Dimensions, Weights, & Tractive Power of Narrow-gauge Locomotives

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J.B. Lippincott & Company, 1877 - 47 pages
 

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Page 15 - The gauge of the line was three feet, with double track three and a half miles long, or seven miles in all. For its length, it was probably the most crooked road in the world, being made up almost wholly of curves, in order to run near all the principal buildings on the Exhibition grounds. Many of these curves were on our heaviest grades, some having a radius of 215, 230 and 250 feet on grades of 140 and 155 feet per mile. These are unusually heavy grades and curves, and when combined as we had them,...
Page 5 - ... diagram to make provision for such cases. The selection of the basis of calculation must of course be made in each instance with reference to the actual or probable condition of the road and its rolling equipment. Designs and estimates for any sizes or patterns of locomotives not given in this catalogue will be submitted on application. The delivery of locomotives at any point which can be reached by rail or vessel will be included in contracts if desired. In ordering locomotives the following...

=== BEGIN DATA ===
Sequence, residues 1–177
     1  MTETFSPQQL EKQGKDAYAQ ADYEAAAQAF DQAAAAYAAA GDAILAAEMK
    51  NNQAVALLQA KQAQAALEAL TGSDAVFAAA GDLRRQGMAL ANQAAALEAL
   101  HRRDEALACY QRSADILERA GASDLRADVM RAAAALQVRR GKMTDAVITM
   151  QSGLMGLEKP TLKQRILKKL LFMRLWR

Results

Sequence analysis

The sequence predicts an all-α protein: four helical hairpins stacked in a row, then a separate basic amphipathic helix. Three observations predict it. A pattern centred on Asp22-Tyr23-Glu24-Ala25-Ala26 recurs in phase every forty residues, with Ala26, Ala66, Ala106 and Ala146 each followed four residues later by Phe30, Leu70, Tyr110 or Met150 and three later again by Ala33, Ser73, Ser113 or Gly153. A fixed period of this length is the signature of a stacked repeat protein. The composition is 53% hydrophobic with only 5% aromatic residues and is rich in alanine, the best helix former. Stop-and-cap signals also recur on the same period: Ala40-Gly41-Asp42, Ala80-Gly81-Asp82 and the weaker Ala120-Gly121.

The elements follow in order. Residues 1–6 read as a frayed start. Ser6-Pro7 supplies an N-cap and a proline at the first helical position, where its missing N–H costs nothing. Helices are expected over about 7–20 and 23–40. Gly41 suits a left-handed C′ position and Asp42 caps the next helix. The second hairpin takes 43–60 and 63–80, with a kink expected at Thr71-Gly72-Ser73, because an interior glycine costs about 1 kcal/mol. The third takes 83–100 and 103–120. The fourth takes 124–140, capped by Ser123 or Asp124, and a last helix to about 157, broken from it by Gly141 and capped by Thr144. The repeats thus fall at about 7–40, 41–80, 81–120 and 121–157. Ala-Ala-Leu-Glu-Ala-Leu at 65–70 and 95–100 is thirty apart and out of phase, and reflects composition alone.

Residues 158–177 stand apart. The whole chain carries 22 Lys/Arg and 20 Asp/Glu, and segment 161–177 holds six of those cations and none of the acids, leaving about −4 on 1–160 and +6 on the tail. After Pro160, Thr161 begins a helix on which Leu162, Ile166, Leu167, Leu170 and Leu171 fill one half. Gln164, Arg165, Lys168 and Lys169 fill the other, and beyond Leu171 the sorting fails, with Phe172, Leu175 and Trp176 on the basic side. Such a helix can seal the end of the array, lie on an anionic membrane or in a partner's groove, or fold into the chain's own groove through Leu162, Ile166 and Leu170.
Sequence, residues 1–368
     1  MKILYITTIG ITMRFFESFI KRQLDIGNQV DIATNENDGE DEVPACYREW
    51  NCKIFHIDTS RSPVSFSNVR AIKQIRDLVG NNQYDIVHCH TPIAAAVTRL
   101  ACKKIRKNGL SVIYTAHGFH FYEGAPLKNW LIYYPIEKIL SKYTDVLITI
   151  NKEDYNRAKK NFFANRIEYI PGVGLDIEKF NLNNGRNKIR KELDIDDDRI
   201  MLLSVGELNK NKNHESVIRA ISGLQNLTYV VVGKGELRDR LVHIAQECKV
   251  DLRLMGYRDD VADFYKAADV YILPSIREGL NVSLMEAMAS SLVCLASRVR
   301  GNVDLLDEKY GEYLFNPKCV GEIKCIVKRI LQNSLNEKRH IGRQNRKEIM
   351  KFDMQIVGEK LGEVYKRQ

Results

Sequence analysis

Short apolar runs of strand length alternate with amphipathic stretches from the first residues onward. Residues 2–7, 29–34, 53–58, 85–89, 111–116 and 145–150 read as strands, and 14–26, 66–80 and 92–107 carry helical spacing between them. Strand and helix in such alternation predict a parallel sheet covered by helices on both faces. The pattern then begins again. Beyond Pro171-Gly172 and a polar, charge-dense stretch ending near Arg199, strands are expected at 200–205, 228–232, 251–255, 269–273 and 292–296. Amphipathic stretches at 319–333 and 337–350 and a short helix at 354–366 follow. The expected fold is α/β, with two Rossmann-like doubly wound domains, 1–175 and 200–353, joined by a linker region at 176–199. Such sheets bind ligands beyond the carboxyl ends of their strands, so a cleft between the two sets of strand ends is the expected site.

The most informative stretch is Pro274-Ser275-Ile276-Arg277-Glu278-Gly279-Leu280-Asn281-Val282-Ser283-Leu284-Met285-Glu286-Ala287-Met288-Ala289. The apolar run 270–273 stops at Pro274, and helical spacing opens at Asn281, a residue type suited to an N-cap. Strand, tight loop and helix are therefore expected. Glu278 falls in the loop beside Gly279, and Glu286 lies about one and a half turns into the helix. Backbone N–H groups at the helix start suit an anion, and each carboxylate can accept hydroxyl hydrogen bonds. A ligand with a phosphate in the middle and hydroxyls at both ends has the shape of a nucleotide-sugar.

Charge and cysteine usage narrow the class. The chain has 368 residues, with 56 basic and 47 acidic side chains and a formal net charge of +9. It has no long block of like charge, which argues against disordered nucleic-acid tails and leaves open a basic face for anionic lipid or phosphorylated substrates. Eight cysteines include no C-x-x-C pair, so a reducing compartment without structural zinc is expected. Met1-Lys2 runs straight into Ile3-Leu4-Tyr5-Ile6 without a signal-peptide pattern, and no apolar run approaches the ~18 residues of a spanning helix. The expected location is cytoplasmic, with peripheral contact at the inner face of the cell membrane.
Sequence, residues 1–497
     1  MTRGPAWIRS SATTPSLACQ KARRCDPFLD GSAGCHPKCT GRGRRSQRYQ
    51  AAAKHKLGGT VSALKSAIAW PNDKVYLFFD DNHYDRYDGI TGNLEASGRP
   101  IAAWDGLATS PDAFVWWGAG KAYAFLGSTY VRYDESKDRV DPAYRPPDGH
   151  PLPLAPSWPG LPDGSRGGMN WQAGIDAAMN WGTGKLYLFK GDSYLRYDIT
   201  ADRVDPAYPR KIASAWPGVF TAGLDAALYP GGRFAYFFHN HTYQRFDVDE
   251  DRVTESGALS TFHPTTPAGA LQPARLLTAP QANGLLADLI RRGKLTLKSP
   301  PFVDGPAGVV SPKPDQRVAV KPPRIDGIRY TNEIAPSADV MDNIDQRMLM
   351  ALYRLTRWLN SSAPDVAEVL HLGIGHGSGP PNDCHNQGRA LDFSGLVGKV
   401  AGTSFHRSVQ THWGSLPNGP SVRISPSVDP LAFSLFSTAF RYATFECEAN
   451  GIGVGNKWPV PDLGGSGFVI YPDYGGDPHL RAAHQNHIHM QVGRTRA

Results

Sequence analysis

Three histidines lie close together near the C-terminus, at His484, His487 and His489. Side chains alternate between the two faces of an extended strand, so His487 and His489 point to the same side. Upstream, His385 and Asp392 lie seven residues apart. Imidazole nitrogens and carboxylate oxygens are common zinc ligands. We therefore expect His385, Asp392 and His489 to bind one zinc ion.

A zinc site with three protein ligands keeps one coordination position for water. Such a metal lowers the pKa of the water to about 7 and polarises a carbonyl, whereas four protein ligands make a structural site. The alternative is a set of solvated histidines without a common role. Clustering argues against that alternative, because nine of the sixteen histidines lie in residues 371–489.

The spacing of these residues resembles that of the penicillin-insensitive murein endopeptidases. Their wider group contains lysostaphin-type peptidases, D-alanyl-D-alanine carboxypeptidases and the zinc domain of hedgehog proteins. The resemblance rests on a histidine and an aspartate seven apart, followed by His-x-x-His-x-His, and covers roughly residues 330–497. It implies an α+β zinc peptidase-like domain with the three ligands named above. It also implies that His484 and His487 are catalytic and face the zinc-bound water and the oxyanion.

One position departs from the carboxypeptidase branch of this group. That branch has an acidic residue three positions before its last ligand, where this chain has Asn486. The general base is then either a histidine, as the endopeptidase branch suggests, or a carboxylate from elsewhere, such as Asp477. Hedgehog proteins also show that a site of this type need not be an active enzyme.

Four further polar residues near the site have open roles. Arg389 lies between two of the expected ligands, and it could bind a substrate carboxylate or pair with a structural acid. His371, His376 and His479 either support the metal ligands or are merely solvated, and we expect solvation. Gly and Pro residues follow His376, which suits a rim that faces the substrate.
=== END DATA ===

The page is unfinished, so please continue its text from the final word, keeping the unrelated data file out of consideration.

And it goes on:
Page 25 - The average train for these engines is twelve loaded box or thirteen loaded coal cars and caboose ; each load 8 tons (coal cars 3^ tons, box cars 4 tons), or 150 tons of cars and lading, at a speed of 8 to ю miles per hour.
Page 31 - ... (distance between centres of first and fourth pairs of driving-wheels) 12 feet. TENDER, eight-wheeled . tank capacity, 1200 to 1400 gallons.
Page 36 - On this grade we have several curves 574' and 478' radius, one of 338', and several reverse curves of longer radius. The regular load of these engines...
Page 25 - On heavy grades the speed is reduced to 8 miles, and on slightly descending grades and levels the speed is increased to 12 miles.

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